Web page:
“My food is to do the will of him who sent me and to finish his work.”
When the disciples last saw their master, he had been sitting at the well, too fatigued to go into town with them on their errand to buy food. They likely rushed through their purchases out of concern for him whom they had left behind. They didn’t know it, but during their absence something spectacular was happening back at that well. The centuries-old wall of hostility between the Jews and Samaritans was about to be breached. Soon, this region which had so long isolated itself from the truth would be set ablaze with the Gospel.
The disciples were surprised when they got back to find Jesus engaged in conversation with one of the local Samaritan women, but they didn’t bother to ask him what the two had been talking about. They were too focused on their mission of providing him with something to eat. They urged him to take some food, saying, “Rabbi, eat,” but Jesus didn’t appear to need it anymore. He told them, “I have food to eat that you know nothing about.” And the disciples, oblivious to the fact that these words had a spiritual implication, wondered to themselves how he could have managed to get food during their absence.
I think that, at this point, they may have noticed a difference in Jesus since the last time they saw him. He was no longer weary and fatigued, but revived and refreshed. The grace of God had sustained him, just as it had when he had been in the wilderness for forty days. The disciples could not understand this for they were still thinking along natural lines, too dull to notice that something supernatural had taken place. So Jesus explained it to them further by saying, “My food is to do the will of him who sent me and to finish his work.”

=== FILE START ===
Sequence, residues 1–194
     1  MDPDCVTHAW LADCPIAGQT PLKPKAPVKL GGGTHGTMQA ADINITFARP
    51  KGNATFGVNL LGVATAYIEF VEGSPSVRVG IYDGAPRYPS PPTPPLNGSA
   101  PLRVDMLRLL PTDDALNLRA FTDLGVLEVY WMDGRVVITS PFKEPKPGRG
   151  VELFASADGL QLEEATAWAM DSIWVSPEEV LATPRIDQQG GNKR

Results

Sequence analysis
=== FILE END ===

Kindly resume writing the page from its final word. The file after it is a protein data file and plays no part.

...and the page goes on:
Please pause here with me to reflect upon this for a moment, for this one statement defines everything that Jesus ever said or did while he was on earth. Just as he had explained to his own earthly parents so many years before, he would always and only be about the business of his heavenly Father (Luke 2:49); from the very first to the very last, it was always, “Not my will, but yours be done.” (Luke 22:42) Contrary to popular belief, Jesus was not a revolutionary, he was not trying to “change the world” – his only desire was to do the will of the one who had sent him and to finish his work.
“My food is to do the will of him who sent me.” – This is such a simple statement, yet the profundity of it still lies beyond the reach of our own human comprehension. We, who are innately self-centered, cannot fathom a heart so perfectly aligned with the will of God. How foolishly presumptuous it is for us to speculate, “What would Jesus do?” How could any one of us ever know that? The only way we can hope for even a glimpse into the motivation of his sinless heart is by continuously seeking the will of our own heavenly Father and subjecting our own desires to his, up to the point where his will forms the base of our very sustenance. Because, after all, that is what Jesus would do.